Our major goal in generating a barcoded virus was to facilitate the ability to discriminate between individual rebound events contributing to viremia following treatment interruption. A pilot study using short-duration cART treatment was initiated to test the feasibility of using the barcoded virus model system to discriminate distinct viral lineages following cART interruption (study 1). Here, 4 rhesus macaques (MK9, KMB, KZ2, and KTM) were each infected intravenously with 2.2x105 IU of SIVmac239M followed by daily cART (TFV/FTC/RAL) administration from day 6 to day 88 post-infection, at which time cART was discontinued (Fig 4). Cell associated-viral RNA (CA-RNA) levels in PBMC peaked on day 6 post-infection at an average of 7.6x105 copies/106 cells (S3A Fig). CA-RNA levels dropped dramatically on cART to an average of 6.3 copies/million cells at time of interruption. CA-viral DNA (CA-DNA) also peaked on day 6 at an average of 2.0x104 copies/106 cells (S3B Fig). These DNA levels declined over the course of cART treatment, but more gradually than CA-RNA, reaching an average of 5.5x102 copies/ 106 cells at the time of interruption. The plasma SIV RNA viral load was below the assay quantification limit (15 copies/mL) from day 68 to treatment interruption for 3 of 4 animals (MK9, KMB, and KTM). Viral rebound was detectable in plasma 1–2 days following cART interruption, and plasma viral loads at rebound peak were between 1.2x105–9.2x106 copies/mL. Animal KZ2 never achieved full viral suppression, and had a detectable viral load (40 SIV RNA copies/mL) on the day therapy was interrupted, which rapidly increased thereafter, highlighting the lack of full suppression in this cohort. KTM died due to procedural complications at the time of cART interruption and was therefore excluded from subsequent analyses. These data reveal typical early replication dynamics, with a greater than 5-log reduction in plasma vRNA and CA-RNA during cART treatment and a less than 2-fold decrease in the CA-DNA levels during therapy. These animals displayed rapid rebound kinetics following cART interruption.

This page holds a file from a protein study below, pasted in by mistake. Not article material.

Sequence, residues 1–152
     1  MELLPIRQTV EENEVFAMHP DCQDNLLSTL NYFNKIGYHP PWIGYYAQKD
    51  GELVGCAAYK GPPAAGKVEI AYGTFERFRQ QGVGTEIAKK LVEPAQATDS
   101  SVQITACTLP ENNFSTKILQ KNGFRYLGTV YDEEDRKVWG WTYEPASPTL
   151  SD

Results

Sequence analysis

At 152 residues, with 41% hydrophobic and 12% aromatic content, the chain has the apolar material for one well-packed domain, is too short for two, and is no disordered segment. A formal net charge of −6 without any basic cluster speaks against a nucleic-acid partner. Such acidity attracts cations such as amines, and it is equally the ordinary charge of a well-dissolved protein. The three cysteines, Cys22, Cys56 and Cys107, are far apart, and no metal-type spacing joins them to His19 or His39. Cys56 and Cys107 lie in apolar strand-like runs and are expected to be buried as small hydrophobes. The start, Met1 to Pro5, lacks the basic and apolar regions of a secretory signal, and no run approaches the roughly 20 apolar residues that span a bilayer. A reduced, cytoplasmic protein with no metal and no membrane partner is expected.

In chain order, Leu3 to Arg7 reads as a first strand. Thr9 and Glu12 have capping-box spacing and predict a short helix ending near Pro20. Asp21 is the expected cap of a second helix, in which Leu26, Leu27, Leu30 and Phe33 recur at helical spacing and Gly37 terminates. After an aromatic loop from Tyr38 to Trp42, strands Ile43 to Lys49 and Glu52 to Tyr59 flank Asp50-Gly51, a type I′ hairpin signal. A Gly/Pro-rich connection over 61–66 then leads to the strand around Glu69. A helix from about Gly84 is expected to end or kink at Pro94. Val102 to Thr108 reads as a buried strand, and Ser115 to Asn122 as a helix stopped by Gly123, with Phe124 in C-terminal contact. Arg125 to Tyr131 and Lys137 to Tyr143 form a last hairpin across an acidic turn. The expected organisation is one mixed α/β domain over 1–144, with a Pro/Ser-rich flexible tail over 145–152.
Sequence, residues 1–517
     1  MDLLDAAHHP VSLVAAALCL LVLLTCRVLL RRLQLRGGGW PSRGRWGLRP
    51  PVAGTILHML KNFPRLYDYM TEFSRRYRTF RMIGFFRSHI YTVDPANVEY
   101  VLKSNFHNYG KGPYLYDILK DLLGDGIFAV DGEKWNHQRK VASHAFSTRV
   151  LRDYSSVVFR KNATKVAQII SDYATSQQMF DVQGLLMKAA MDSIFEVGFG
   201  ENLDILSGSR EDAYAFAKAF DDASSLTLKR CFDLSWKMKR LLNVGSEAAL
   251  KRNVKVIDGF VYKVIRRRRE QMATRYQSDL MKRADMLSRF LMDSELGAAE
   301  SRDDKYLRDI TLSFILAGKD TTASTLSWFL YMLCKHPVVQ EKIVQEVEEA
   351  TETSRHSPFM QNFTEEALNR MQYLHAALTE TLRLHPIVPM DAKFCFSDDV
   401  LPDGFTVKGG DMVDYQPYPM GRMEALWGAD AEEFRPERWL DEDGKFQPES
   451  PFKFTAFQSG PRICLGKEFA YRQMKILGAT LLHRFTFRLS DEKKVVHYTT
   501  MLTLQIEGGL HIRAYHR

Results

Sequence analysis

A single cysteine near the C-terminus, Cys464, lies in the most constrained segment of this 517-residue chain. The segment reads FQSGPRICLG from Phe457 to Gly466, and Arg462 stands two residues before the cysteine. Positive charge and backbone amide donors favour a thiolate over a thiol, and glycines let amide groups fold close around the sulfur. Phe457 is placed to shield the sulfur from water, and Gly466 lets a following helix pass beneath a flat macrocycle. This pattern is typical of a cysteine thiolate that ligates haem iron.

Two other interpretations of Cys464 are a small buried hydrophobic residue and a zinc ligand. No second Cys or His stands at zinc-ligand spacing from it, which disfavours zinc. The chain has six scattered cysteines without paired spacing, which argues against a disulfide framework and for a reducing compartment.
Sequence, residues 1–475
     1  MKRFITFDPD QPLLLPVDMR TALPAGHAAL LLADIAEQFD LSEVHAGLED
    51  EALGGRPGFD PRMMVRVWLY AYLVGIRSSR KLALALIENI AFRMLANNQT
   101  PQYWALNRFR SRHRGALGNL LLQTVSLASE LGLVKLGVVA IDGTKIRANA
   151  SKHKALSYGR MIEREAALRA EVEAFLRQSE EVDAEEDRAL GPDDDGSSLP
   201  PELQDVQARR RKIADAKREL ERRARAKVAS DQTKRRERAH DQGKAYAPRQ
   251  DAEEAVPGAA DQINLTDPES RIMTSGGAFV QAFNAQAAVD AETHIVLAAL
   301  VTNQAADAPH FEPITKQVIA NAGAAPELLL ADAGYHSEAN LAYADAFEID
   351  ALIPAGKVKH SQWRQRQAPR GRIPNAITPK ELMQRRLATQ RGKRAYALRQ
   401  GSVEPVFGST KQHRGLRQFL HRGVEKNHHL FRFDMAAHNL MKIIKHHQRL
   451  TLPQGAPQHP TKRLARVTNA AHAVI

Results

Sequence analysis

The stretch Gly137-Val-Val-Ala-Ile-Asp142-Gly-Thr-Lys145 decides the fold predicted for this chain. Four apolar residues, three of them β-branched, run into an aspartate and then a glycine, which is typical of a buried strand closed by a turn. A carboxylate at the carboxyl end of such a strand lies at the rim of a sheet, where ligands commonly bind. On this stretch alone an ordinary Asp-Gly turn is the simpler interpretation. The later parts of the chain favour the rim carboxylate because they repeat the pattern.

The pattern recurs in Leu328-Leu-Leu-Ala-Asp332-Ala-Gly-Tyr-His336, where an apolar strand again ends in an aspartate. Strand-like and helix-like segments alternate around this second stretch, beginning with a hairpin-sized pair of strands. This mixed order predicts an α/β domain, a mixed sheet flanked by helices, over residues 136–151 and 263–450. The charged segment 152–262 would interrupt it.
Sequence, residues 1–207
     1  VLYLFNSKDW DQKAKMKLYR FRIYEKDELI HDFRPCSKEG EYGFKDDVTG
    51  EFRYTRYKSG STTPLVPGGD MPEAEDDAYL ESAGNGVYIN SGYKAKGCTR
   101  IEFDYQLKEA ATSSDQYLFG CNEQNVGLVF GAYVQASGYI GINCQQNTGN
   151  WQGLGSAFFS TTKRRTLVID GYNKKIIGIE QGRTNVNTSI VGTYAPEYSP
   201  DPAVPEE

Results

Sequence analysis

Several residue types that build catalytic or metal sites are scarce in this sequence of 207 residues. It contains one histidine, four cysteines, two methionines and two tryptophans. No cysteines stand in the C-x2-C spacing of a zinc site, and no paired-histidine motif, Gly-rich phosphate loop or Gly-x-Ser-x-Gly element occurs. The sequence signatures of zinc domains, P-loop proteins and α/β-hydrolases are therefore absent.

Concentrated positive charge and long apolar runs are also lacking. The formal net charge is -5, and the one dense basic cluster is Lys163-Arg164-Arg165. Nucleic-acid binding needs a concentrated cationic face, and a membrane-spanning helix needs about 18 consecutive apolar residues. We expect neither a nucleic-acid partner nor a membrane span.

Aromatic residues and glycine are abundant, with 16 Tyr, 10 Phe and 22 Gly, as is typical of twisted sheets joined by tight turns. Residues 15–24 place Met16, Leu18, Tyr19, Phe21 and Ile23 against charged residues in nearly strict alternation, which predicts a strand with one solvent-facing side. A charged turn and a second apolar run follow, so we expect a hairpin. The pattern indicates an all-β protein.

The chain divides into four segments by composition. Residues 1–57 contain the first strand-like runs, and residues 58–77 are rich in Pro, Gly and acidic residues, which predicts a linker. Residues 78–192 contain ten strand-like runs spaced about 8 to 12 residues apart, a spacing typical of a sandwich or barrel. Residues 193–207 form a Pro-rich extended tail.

Four rhesus macaques, KMB (purple), MK9 (pink), KZ2 (navy), and KTM (blue) were infected with SIVmac239M on day 6 and treated with cART for 82 days (study 1). Viral RNA copies were measured in plasma over 150 days.
Sequence analysis just prior to initiation of therapy identified 1,872 distinct clonotypes in animal MK9, 1,815 in animal KMB, and 3,739 in animal KZ2. To assess the number of detectable rebounding clonotypes, next generation sequence analysis was performed 7 days post-interruption. In contrast to the pre-treatment viral diversity, following cART interruption, recrudescent rebound viremia contained only 118 distinct clonotypes for MK9, 136 for KMB and 87 for KZ2 (S4 Fig). Therefore, despite the limited duration of therapy, the number of detectable clonotypes in plasma was greatly reduced from the pre-therapy time point. For animal KZ2, which had detectable virus at the time of interruption, of the 87 detectable rebounding variants, one clonotype was found at 2 logs higher proportion than the next detectable clonotype. The relative proportion of all other clonotypes were within half a log of its nearest neighbor. Overall, these results indicate that individual clonotypes can be detected in plasma viremia immediately following cART interruption and, with sufficient template input, the relative proportion of each clonotype may be accurately assessed across 5 logs.